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Migration (U)

Review: Films of a feather merge together in Migration, a predictable but feelgood computer-animated odyssey directed by Benjamin Renner and co-directed by Guylo Homsy, which nests in some of the same places as Chicken Run and Rio. Running battles between resourceful mallards and a menacing chef, whose house speciality is duck a l’orange, bear striking similarities to the fowl play of Aardman Animation’s stop-motion farmer Mrs Tweedy. Aerial acrobatics above a fluffy cloud line glide in the slipstream of How To Train Your Dragon (coincidentally, composer John Powell scores both films) and a baby duckling’s weaponised cuteness borrows from the playbooks of Shrek’s Puss In Boots and excitable Agnes in Despicable Me. Meanwhile, the duck family’s unplanned arrival in fog-shrouded New York City slaloms in terror between skyscraper giants to conjure fond memories of a similar sequence in the charming 1996 live-action feature Fly Away Home.

Mike White, Emmy Award-winning screenwriter of The White Lotus, brings some of his sardonic humour to a ducks-out-of-water script that repeatedly clips its own tail feathers as it deals with cross-generational strife, self-doubt and actor Keegan-Michael Key’s thick Jamaican accent. That biting wit is most evident in marital discord between an anxiety-crippled mallard (voiced by Kumail Nanjiani) and his wife (Elizabeth Banks), and a surprisingly dark interlude with a great blue heron (Carol Kane) who jokes about gobbling up the couple’s cherubic offspring.

Scaredy-duck Mack (Nanjiani) spins nightmarish bedtime stories to educate his two children, Dax (Caspar Jennings) and Gwen (Tresi Gazal), about the perils of straying from the comfort of Moose Head Pond. Mack’s loyal and quick-witted wife Pam (Banks) yearns for new horizons but she appears powerless to prevent Max from crushing the ducklings’ adventurous spirits and her own dreams. “I don’t want to miss out on life because you are afraid to leave this pond,” she laments. In response, Mack organises a spontaneous migration south from leafy New England to Jamaica.

“I wanna go where they make jam!” whoops Gwen, leveraging her wide-eyed innocence and adorability to persuade curmudgeonly uncle Dan (Danny DeVito) to join the family expedition. Trusting his rusty internal compass, Mack takes flight with his clan, bound for sunnier climes. Changeable weather conditions propel the flock off course and the ducks rely on the kindness of the quirky characters they encounter along the way including Central Park pigeon gang leader Chump (Awkwafina), caged macaw Delroy (Michael Key) and yoga-loving duck GooGoo (David Mitchell).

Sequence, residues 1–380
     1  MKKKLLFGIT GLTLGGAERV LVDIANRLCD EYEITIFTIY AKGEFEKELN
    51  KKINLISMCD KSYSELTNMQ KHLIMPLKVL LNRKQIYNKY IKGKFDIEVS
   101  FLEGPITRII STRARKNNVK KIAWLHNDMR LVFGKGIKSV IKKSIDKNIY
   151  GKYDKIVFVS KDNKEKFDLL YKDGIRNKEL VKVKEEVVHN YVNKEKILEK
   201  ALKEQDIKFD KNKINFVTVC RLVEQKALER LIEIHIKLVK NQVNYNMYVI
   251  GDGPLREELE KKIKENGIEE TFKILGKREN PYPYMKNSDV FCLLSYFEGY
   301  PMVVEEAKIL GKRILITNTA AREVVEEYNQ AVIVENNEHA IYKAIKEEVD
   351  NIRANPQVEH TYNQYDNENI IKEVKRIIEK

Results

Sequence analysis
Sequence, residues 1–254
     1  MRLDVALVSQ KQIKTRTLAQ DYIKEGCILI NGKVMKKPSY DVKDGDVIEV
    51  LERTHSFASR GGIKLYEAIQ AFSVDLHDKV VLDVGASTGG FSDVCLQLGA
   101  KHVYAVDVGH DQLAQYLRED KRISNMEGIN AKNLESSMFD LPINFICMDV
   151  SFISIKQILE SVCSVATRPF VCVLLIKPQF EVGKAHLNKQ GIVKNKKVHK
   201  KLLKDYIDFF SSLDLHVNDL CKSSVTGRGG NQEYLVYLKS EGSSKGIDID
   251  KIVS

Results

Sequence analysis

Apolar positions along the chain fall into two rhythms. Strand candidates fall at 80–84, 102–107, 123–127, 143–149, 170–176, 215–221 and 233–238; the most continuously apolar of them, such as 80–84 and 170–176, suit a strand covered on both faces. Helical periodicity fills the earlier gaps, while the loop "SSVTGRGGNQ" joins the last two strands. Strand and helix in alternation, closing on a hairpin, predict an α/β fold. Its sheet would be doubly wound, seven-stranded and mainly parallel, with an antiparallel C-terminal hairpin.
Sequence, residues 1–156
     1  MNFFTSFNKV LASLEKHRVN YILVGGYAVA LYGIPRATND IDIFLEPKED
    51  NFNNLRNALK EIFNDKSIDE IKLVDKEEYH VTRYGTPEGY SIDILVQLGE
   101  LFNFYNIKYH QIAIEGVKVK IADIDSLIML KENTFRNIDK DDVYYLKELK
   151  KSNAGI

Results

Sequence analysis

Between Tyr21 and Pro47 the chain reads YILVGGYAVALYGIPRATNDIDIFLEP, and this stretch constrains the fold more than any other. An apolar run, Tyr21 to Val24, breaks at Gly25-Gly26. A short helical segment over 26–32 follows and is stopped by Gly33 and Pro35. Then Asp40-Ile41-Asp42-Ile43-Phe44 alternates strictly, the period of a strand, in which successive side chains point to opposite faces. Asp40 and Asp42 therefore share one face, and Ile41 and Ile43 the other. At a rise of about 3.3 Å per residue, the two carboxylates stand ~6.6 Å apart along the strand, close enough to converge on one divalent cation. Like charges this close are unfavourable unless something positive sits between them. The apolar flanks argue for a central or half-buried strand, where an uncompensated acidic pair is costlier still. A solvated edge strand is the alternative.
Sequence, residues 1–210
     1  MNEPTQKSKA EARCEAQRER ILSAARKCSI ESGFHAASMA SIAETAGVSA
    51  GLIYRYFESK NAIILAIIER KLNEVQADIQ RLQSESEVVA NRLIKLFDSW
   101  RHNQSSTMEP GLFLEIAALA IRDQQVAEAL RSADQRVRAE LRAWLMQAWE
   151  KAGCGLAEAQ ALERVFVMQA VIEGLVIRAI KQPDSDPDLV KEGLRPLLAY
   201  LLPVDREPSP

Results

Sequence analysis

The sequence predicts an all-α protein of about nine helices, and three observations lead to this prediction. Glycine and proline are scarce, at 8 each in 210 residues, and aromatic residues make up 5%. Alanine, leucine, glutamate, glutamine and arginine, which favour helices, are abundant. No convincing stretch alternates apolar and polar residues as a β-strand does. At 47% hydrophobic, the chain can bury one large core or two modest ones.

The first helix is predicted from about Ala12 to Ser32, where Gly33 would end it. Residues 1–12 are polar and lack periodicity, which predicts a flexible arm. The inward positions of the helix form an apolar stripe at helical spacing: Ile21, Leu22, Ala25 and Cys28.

Migration signals its heart-warming intent before Mack and co are airborne, loudly espousing the pursuit of sky-high dreams even if that means an occasional emergency landing to regroup. The sparkling ensemble cast coasts along on autopilot for most of the flight with almost no dramatic turbulence before a safe landing in tropical paradise.

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The Zone Of Interest (12A)

Review: Taking its title from the euphemistic phrase used by Nazi officers to refer to the immediate area surrounding the Auschwitz concentration camp, The Zone Of Interest is an unsettling, experimental portrait of Nazi commandant Rudolf Hoss that humanises one of the men responsible for Hitler’s Final Solution in German-occupied Poland. Jewish filmmaker and artist Jonathan Glazer spent 10 years nurturing the project to fruition, gaining permission to recreate the Hoss family’s two-storey stucco villa from archive photographs just outside the camp’s perimeter.

Attention to detail is evident in every disorienting frame, intentionally focusing on the mundane day-to-day life of the commandant and his kin while atrocities unfold out of sight but not out of mind. Immersive sound design conveys gun shots and screams on the other side of walls adorned with coils of barbed wire, Hoss children frolic in a swimming pool while plumes of smoke chug above treetops in the distance from a train carrying new arrivals, and crematorium chimneys cast a red glow through the night.

Atrocities are never depicted explicitly on screen and Glazer’s camera ventures inside the camp just once, fixated on the commandant’s face as black smoke swirls around him. The script orients us with a sickening jolt at roughly the midway point when the Hoss’s house-proud wife jokes that her husband calls her “the queen of Auschwitz” then giggles at her apparent good fortune.

Commandant Rudolf Hoss (Christian Friedel) and wife Hedwig (Sandra Huller) raise their five children, Klaus (Johann Karthaus), Heidetraud (Lilli Falk), Inge-Brigitt (Nele Ahrensmeier), Hans-Jurgen (Luis Noah Witte) and baby Annegret, less than 100 metres from the walls of the camp. Local women help Hedwig to run the household and in one quietly chilling scene, the wife rewards their diligence by allowing them to sift through a sack of silk lingerie taken from newly arrived prisoners. “Choose something you like,” she coos matter of factly.

Cruelty bubbles beneath the surface and Huller’s stunning performance captures the icy detachment of her matriarch, who reacts angrily to news that Rudolf is being transferred to Oranienburg and she may have to relinquish her kingdom. A meek housemaid bears the brunt of one threat. “I could have my husband spread your ashes across the fields of Babice,” whispers Hedwig between mouthfuls of cooked breakfast.

Nominated for five Oscars including Best Picture and Best Director, The Zone Of Interest is episodic in structure, punctuated by nightmarish sequences captured using thermal night vision. Glazer’s impeccable direction reminds us of the Nazi death machine’s horrifying efficiency and composer Mica Levi’s low, rumbling score intensifies the creeping dread. Ignoring trauma offers no escape.